Taking the Train from Poipet to Bangkok
March 2011 UPDATE: I made this trip in the other direction from Bangkok to Poipet in March 2011, the price hasn’t changed, but you can only buy tickets at the train station for this route around one hour before the train leaves. Poipet isn’t a nice area, but there’s only two things you need to worry about taking this trip;
1. When you’re arriving in Aranyaprathet coming from Bangkok, more often than not you will get a Tuk Tuk driver who will take you to the “border” – and it won’t be the border, it will be an office just down the street from the entrance to the border. They will try to make you fill out some forms to get a Cambodia visa for 1,200 Baht, this is the scam. Cambodia issue visas on arrival for $20, a good tip is to make sure you do not give anyone any money or fill out any forms until you have been stamped out of Thailand. Just get out of the Tuk Tuk, and walk onto the main road, turn right, walk for a few minutes and you’re at the border.
2. The official place where you get the visa for Cambodia, is an office to the right of the road as you walk through the frontier after exiting Thailand customs. Often the man stood in front of the window will try to charge you one or two dollars, or 100 THB for “express service” – Just say you don’t have it and it’s no problem, he’s just trying to get extra cash out of gullible tourists, the wait is about only about 5 minutes anyway, there’s no need for express!
Just remember that all you need to get across the Poipet border into Cambodia is $20 USD and one passport photo for the visa. No passport photo and it will be a $1 charge.
If you’re looking to either get to Bangkok from the Poipet border, or make the trip the other way coming from Bangkok to pass through to Cambodia, there is no better, safer or cheaper way than taking the train from Aranyaprathet train station at the border, to Bangkok Hua Lamphong train station or vice-versa.
I’m saying safer, because you avoid the Khao San Road scam buses and mainly because the Poipet border is not what it used to be, many outdated reports you read (pre-2009) on the border have made it notorious for pickpockets, scams, inside-job entrapment and aggressive beggars. It’s not like this anymore, I heard about this so I had the confidence to make the trip in January 2010, crossing the border from Cambodia to Thailand without a hitch, the only thing I saw was some begging children that didn’t cause anyone any problems that i saw.
Tickets for this route are available from each respective station. Aranyaprathet station only has one platform and one ticket window which opens about an hour before the train leaves, it should cost you no more than 80THB for a Tuk-Tuk to get from the Thailand side of the frontier to the station. Bangkok station has lots of ticket windows, but people are employed there to help you find the right place to buy a ticket and to make sure you get on the correct platform. The best way to get help at Bangkok train station: stand around the ticket windows or the platforms entrance with a puzzled look on your face, usually you will be approached by a member of staff and they will help you out.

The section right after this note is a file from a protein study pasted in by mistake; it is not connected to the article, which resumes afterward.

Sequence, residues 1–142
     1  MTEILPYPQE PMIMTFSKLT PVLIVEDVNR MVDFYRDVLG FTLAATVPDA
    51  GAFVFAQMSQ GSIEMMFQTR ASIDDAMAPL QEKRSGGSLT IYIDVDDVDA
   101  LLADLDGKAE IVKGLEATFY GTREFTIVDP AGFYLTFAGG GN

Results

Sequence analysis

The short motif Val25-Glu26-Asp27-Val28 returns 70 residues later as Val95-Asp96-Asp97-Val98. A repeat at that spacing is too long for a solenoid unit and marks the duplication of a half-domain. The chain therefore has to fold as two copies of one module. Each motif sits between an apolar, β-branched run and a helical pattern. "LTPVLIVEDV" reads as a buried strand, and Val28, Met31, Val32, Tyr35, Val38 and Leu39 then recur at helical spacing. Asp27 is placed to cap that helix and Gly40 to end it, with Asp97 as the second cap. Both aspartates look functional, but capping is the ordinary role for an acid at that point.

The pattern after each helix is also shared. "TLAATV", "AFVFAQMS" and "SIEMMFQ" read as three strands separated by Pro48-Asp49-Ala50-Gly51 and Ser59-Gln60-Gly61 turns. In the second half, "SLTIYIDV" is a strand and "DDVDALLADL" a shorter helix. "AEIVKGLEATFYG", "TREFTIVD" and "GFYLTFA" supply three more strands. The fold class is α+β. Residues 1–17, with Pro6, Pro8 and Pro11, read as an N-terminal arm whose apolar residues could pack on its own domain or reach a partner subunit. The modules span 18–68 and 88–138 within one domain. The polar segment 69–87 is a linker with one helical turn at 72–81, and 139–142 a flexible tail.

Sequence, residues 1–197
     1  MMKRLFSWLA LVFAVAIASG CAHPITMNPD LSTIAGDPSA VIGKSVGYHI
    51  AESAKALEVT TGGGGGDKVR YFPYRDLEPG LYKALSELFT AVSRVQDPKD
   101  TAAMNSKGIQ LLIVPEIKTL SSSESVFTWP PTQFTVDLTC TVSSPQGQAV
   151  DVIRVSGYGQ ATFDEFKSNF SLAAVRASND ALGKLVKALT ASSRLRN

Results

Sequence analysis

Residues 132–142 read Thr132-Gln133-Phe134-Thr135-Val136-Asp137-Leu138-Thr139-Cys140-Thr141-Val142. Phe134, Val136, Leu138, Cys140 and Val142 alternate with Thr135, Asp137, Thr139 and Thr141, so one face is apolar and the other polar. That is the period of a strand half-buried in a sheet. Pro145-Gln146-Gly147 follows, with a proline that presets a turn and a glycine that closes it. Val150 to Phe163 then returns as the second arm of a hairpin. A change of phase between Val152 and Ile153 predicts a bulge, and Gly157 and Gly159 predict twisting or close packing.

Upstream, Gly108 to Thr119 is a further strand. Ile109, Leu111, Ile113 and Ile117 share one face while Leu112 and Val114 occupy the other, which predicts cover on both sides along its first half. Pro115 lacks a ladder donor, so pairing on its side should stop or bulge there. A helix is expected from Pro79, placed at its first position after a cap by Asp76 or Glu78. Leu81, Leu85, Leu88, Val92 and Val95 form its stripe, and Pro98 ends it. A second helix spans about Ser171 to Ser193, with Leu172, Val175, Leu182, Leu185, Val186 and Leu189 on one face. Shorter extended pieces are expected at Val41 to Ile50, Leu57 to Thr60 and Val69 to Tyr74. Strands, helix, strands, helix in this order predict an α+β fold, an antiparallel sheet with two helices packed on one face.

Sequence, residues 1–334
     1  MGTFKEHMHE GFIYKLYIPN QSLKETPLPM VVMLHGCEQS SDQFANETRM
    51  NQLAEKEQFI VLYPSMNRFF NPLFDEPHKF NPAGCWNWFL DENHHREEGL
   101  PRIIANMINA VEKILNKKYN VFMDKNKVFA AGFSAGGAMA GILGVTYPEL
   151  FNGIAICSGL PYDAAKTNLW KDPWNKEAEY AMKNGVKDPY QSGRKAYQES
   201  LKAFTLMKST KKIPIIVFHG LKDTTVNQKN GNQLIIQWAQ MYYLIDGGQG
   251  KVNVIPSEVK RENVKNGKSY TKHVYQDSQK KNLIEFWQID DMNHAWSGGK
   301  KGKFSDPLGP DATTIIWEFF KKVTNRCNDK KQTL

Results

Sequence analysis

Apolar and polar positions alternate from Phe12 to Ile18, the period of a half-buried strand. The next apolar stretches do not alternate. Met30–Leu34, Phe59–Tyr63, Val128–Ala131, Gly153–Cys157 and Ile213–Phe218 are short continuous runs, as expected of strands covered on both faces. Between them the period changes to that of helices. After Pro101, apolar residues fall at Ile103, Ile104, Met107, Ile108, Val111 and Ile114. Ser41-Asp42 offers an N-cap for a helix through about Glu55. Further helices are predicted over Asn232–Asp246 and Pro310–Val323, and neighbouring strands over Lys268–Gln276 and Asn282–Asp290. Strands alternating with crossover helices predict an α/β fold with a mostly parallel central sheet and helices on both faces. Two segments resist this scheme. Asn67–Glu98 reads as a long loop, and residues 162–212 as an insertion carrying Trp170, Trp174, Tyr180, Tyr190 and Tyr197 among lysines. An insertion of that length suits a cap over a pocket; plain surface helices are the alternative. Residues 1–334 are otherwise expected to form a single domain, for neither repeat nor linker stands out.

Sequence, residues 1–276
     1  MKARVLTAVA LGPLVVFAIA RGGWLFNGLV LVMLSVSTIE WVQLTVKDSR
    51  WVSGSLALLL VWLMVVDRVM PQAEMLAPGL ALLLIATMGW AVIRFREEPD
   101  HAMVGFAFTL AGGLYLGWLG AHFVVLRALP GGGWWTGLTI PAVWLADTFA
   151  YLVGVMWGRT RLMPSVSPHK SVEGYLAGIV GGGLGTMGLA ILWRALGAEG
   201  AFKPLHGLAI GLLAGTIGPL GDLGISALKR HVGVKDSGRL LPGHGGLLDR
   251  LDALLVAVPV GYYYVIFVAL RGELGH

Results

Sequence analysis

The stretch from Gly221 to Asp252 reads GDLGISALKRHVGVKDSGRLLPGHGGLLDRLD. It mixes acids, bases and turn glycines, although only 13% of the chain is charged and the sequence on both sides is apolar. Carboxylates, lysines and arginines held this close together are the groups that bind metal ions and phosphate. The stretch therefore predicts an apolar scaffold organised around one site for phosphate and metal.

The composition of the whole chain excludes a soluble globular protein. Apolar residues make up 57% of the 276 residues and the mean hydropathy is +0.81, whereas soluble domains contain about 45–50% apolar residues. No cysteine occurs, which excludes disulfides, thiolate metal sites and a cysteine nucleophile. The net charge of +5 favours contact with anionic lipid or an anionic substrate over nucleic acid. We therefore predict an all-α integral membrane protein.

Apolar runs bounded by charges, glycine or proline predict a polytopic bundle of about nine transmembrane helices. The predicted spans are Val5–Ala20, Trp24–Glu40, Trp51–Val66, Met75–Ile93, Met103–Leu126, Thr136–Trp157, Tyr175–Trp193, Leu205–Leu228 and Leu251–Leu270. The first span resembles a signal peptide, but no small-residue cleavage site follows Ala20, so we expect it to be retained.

The trip is straighforward, the train route is direct along one line so you don’t need to switch trains or anything confusing like that.
The best thing about it is the price, 48THB for a six hour train ride, and compared to getting ripped off by dodgy Khao San Road tour companies or paying up to 1000THB for a legit one, it’s a total bargain, budget traveller types will love the actual ride too.
The train ride itself is a real experience, there is only one class, which is comfortable regular seats, and it’s very scenic, moving through a lot of rural Thailand, and it’s interesting when entering or leaving Bangkok, because Bangkok seems to go on forever, you really get a scope of the sheer size of the city when you’re moving toward or out of the train station on this one line.
Give yourself plenty of time , because the train rarely runs to it’s schedule, my ticket said:
DEP TIME: 13:55
ARR TIME: 19:55
But it took longer, arriving at around 10PM in Bangkok, taking around 8 hours in total.
Two trains per day leave in both directions.
Bangkok > Aranyaprathet Schedule;
DEP 05:55 > ARR 11:20
DEP 13:05 > ARR 18:05
Aranyaprathet > Bangkok Schedule;
DEP 06:40 > ARR 12:05
DEP 13:55 > ARR 19:55
The train passes by many scenic routes, including lots of rice fields, but make sure to wear something either dark or old that you don’t mind getting dirty. Many of the fields that the tracks passed through were on fire, as the farmers burn the crops to start fresh ones, this caused a lot of ash to go into the carriages and all over us.
If you miss the train coming from Cambodia, or happen to arrive in Aranyaprathet after the border has closed, it’s possible to get a hotel or guesthouse in Aranyaprathet, it’s a nice little town but there’s not much to do in the way of activities.
Overall this journey is a highly reccommended fun experience, it’s by far the cheapest way to get to Cambodia from Thailand, but I was wearing a white t shirt and by the time I got to Bangkok it was almost black, so was my face!
128 Thailand Baht in total from Poipet to Bangkok, Bargain!
On a side note, the Aranyaprathet wiki travel page is useful, but incorrect when it states that visas on arrival coming from Cambodia to Thailand are not available, they are because I’m a UK citizen and got a 15 day visa stamp on arrival in Thailand at the Poipet border.